Jubilant Germans celebrated in the streets around the world on Sunday night, lighting fireworks, embracing strangers, honking car horns and revelling in their first World Cup win in 24 years.
Roars of delight soared from Berlin's massive fan zone, stretching 1.3 kilometres from the Brandenburg Gate, where 300,000 fans had braved torrential downpours and thunder storms to endure an agonizing 113 goal-less minutes before a Mario Goetze volley gave Germany a fourth World Cup crown.
"This is such an awesome feeling. I'm overwhelmed. The team kept us waiting for that goal, but we won in the end and that's what matters," said 23-year-old Marcus Angrick from Bernau, outside Berlin.
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"This team is so good, we won't have to wait another 24 years to win again."
Thousands of fans streamed down West Berlin's famous Kurfuerstendamm, waving flags and umbrellas after watching Germany become the first European team to lift the World Cup on South American soil.
On neighbouring streets, cars revved loudly and honked horns, while girls in wigs with Germany colours and flags hung out of windows and rode on car roofs.
Others climbed lamp posts, toasting Germany's victory with beers and chanting, "Germany, Champions, Hallelujah!"
"1954, 1974, 1990 and 2014 — we fought hard for our fourth win and it was totally deserved. Congratulations," tweeted Angela Merkel's spokesman Steffen Seibert, referring to Germany's four World Cup titles. He had travelled with the chancellor to Rio de Janeiro for the final.
Crowds whooped with delight as they watched Merkel, nicknamed "Mutti" or 'mummy' in Germany, embrace each German player after the match.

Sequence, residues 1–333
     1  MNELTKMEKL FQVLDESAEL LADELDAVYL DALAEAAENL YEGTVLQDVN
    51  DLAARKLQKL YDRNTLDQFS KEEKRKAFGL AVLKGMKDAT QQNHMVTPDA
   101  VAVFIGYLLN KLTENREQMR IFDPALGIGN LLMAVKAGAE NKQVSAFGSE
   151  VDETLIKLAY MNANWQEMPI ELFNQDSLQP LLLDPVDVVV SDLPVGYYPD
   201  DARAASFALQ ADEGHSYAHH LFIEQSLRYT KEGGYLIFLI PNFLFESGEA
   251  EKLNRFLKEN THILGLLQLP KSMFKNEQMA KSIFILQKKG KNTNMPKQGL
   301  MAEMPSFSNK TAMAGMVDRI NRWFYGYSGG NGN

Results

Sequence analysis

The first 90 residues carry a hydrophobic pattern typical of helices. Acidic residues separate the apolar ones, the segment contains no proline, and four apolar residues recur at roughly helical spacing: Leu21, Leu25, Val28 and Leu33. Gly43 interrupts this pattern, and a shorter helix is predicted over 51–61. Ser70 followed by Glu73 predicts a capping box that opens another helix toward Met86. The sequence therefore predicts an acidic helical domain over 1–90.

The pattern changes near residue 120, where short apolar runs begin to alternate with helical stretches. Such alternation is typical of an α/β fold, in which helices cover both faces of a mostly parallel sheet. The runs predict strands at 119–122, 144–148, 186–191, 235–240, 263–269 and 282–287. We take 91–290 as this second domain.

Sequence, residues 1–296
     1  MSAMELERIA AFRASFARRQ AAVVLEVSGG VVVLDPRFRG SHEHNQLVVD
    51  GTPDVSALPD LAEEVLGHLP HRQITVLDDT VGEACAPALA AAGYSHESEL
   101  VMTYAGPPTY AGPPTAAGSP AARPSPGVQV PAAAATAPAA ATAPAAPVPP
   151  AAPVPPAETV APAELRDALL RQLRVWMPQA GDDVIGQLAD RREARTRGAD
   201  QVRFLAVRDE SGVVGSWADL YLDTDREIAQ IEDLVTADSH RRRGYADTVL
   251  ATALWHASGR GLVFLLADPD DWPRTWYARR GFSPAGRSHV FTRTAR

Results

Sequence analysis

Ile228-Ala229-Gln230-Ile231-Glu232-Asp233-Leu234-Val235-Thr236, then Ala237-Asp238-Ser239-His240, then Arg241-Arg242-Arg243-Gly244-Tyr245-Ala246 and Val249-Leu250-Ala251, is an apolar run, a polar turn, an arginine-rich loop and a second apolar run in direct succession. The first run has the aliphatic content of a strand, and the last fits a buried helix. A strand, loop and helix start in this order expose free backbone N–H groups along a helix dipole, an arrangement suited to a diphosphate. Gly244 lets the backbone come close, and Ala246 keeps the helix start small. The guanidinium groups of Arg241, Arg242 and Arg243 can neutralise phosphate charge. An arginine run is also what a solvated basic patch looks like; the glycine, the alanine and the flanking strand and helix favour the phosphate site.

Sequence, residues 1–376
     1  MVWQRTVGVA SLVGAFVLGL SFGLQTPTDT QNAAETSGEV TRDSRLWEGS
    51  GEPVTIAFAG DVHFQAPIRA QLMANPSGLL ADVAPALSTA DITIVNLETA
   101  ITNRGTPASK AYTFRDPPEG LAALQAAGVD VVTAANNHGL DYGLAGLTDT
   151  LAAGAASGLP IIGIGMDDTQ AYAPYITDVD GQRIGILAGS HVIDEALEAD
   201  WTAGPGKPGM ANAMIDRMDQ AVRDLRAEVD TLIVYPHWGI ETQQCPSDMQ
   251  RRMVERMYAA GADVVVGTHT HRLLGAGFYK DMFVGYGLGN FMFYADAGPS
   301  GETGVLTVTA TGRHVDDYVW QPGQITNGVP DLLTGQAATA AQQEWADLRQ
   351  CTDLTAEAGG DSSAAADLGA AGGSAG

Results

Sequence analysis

"Yes, yes yes!!! Jogi you did it!! Huge compliment to Argentina but the best team won the 2014 World Cup!" tweeted U.S. coach Juergen Klinsmann.
Klinsmann was Germany's manager during the 2006 World Cup, when current manager Joachim Loew, affectionately known as 'Jogi' in Germany, was his assistant.
"I'm really delighted," said 49-year-old Berlin nurse Simone Sieg, grinning because her name means 'victory' in Germany.
"I remember the last time Germany won the World Cup in 1990. I was watching at home in East Berlin. Germany hadn't even been reunited then.
"So much has changed about how we celebrate - it is wonderful."
Football and the success of the national team since the World Cup Germany hosted in 2006, is credited with allowing Germans to take pride in their nation and wave flags and paint their faces with unprecedented ease.
Previously Germans had been highly uncomfortable at any display of nationalism because of the country's history.
"It was an anxious game. I was trembling and shaking," German President Joachim Gauck, who had also travelled to Rio, told German television.
"But now I'm thrilled," he added.
Brazil celebrates Argentina loss
As Germany fired home their World Cup winning goal, the Maracana erupted. Thousands broke into song, but the chant that echoed around the stadium was in Portuguese - not German.
The host nation was celebrating that rivals Argentina would not be lifting sport's most prized trophy. Usually winning is everything, but on this occasion watching your neighbours lose was almost as good.